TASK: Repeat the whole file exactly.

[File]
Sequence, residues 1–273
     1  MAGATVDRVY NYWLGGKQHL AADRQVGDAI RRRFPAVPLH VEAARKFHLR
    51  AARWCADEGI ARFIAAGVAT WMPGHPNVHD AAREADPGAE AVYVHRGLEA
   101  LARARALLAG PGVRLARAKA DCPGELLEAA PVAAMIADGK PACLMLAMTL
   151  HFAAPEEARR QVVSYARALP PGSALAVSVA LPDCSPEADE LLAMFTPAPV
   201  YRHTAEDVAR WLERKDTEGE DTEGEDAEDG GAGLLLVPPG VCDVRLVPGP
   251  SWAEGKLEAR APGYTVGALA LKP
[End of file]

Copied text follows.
Sequence, residues 1–273
     1  MAGATVDRVY NYWLGGKQHL AADRQVGDAI RRRFPAVPLH VEAARKFHLR
    51  AARWCADEGI ARFIAAGVAT WMPGHPNVHD AAREADPGAE AVYVHRGLEA
   101  LARARALLAG PGVRLARAKA DCPGELLEAA PVAAMIADGK PACLMLAMTL
   151  HFAAPEEARR QVVSYARALP PGSALAVSVA LPDCSPEADE LLAMFTPAPV
   201  YRHTAEDVAR WLERKDTEGE DTEGEDAEDG GAGLLLVPPG VCDVRLVPGP
   251  SWAEGKLEAR APGYTVGALA LKP